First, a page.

Lorenzo Montanari had a career as a political analyst and journalist in Italy, writing on foreign policy topics relating to Latin American and the Middle East. But he wanted to learn about lobbying—a field that is newly emerging in Italy. So Mr. Montanari quit his job and came to Washington in 2009, where he enrolled in the master’s degree in political management program at GW’s Graduate School of Political Management. In the two years since, he has not only become GSPM’s first Italian graduate, but also helped broker an agreement between GW and IULM University in Milan for a collaborative graduate program focusing on political management and communication.
“When I came to GW, I saw there were no partnerships with Italy, though the school has lots of partnerships with much of Latin American,” Mr. Montanari explained. “Lobbying and political marketing is a new field in Italy; a lot of young professionals are looking into this field and working on political campaigns.” Knowing that many Italian students would be interested in the kind of practical graduate education that GSPM specializes in, Mr. Montanari began researching universities in Italy that could become educational partners with GW. IULM University was a natural fit because it focuses exclusively on communication degrees.
Representatives from IULM University came to GW during fall 2009 to discuss plans for a potential program, and GW eventually hired Mr. Montanari to manage it. In April, representatives from both universities signed an agreement outlining the new program, which is modeled after GW’s existing GSPM partnership with the University of Navarra in Spain.
“Higher education needs to respond to the interests of people who want to work in democratic politics,” said Christopher Arterton, a GW professor of political management and the founding dean of GSPM. “We’re a school of applied politics, and we’re working to help other institutions of higher education start similar programs.”
The new Milan program has three components: institutional collaboration, faculty exchange and student exchange. The institutional collaboration component of the agreement will allow the two universities to work together to plan joint seminars and conferences on political management topics, as well as collaborate on developing curricular materials, case studies, articles and other publications.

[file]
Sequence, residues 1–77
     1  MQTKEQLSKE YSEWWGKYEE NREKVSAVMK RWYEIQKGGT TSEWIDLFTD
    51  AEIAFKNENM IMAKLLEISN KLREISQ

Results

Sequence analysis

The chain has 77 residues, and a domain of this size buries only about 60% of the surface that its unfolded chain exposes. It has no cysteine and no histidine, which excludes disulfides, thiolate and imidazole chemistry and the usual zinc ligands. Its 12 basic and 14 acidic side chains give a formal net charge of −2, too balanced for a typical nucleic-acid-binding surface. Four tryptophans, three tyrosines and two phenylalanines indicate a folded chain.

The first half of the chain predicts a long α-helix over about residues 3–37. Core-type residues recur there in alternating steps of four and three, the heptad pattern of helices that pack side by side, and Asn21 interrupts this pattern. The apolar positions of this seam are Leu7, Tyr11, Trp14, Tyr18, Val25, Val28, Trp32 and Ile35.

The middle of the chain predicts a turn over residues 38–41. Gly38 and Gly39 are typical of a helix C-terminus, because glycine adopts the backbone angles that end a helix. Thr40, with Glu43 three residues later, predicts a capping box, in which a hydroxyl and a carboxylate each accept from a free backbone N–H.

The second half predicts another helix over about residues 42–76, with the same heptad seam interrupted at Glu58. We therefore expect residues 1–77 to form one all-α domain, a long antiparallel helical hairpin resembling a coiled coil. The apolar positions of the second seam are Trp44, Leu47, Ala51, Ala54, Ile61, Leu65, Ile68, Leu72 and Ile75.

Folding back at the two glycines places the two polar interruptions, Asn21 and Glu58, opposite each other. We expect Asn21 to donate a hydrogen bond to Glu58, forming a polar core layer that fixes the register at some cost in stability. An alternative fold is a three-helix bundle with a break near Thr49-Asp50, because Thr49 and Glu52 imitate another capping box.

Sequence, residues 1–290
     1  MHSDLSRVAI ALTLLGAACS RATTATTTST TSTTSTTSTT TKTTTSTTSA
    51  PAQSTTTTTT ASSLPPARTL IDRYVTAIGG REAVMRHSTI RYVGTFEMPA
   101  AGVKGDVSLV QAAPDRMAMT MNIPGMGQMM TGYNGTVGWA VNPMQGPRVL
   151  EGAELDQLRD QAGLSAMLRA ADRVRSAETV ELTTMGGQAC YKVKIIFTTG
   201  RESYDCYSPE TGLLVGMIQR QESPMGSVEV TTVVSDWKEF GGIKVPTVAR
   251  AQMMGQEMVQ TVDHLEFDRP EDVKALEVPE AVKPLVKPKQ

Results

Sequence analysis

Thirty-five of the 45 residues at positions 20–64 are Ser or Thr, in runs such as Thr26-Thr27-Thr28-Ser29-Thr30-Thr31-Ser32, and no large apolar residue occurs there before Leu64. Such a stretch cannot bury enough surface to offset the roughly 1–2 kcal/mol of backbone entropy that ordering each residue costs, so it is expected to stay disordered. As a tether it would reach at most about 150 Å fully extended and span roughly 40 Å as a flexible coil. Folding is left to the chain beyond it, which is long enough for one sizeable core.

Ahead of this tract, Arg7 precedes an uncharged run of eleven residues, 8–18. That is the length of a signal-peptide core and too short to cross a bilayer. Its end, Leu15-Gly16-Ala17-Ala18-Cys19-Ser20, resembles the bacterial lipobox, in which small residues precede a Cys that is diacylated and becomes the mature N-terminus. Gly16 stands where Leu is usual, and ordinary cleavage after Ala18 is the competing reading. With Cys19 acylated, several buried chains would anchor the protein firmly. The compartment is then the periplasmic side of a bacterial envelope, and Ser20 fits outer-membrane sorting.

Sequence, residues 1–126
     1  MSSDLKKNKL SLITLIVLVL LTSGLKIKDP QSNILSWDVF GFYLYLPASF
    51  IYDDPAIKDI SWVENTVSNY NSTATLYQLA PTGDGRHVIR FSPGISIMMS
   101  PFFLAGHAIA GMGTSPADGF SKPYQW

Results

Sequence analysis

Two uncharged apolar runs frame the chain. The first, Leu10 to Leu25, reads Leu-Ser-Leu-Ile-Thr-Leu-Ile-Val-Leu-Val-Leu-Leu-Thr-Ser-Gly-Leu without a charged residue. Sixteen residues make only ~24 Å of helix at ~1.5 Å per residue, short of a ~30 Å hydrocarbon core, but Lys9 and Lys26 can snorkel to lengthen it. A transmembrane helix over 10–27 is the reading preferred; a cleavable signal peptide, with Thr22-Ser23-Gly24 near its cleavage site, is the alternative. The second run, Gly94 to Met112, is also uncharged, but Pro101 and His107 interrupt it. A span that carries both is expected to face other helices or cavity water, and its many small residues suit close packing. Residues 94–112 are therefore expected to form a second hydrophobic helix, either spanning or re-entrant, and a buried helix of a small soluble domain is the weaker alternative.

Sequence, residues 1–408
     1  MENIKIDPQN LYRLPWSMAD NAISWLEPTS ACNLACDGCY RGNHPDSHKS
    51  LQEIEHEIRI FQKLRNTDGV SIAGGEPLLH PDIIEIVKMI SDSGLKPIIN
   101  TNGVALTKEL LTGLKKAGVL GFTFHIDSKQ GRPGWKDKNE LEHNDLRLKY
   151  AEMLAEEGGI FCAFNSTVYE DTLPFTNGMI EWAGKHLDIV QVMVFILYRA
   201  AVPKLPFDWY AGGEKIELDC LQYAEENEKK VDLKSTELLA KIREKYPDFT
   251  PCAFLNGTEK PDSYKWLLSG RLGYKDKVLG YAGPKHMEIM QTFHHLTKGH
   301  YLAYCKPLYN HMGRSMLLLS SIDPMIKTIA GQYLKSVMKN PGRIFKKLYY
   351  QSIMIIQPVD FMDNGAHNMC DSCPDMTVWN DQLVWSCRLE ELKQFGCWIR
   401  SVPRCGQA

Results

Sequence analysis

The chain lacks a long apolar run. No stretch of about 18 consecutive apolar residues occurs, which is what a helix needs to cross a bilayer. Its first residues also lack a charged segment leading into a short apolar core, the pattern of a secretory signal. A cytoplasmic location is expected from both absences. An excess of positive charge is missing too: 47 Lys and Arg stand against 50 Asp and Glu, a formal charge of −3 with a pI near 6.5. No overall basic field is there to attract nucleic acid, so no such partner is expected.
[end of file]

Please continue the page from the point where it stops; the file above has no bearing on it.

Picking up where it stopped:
The faculty exchange portion of the program kicked off during several weeks in May, when four GW professors traveled to Milan to teach intensive two-day seminars on topics like political game strategies, digital political communication, crisis communication and campaign organization to 28 Italian students enrolled in IULM University’s social, political and institutional communication management program.
Roberto Izurieta, a GW assistant research professor of political management who is also involved with GSPM’s Latin America program, was one of the visiting professors. He was impressed by the Italian students’ quick adaptability to the U.S. style of teaching, which tends to be much more interactive than the lecture-style classes that predominate in Europe. “All the questions and comments the students made were at a very high level,” Mr. Izurieta said.
Dr. Arterton, who taught a seminar on political game strategies in Milan, said the students showed “an enormous amount of engagement and excitement” during a simulation of conflict within a political campaign that they participated in during the class.
Next spring, the student exchange component of the program will bring approximately 25 Italian students to GW to take classes and collaborate on research projects with GSPM graduate students and faculty for several weeks. In the future, GSPM students may also travel to Milan to study on IULM University’s campus.
Mr. Montanari, who worked with faculty members both at GW and at IULM University to advocate for the program, said that political management and lobbying are becoming increasingly important in Italy, especially as they relate to European Union matters in the EU capital of Brussels. “In Italy, they recognize that knowing how to advocate for your interests is crucial for democracy,” he said. “In Brussels, everything works through lobbying action and public affairs.”
And although Italy currently has no national lobbying act—lobbyists cannot register and work at the national level as in the United States—regional lobbying regulations exist, and numerous proposals for national lobbying laws are working their way through Italy’s government. Italian students who train in the U.S. through the IUML University-GW partnership will be well-prepared to become lobbyists in Italy when the laws are passed, Mr. Montanari said. “The students really want to learn from practitioners in the field. They’ll learn the American way to work in the field—GW has a specific program of political communication and issue management that is new for Italy, in terms of techniques.”
Mr. Izurieta stressed that the Milan program’s success will lie in its collaborative spirit. “We can’t go there and tell them, ‘This is how you do it—do it as we do,’” he said. “We say, ‘This is how we do it’ and we start a conversation that requires the participation of the students. It’s up to them to know what will be useful, the adjustments they need to make, and what parts of campaigning that we use are relevant to their politics and culture.”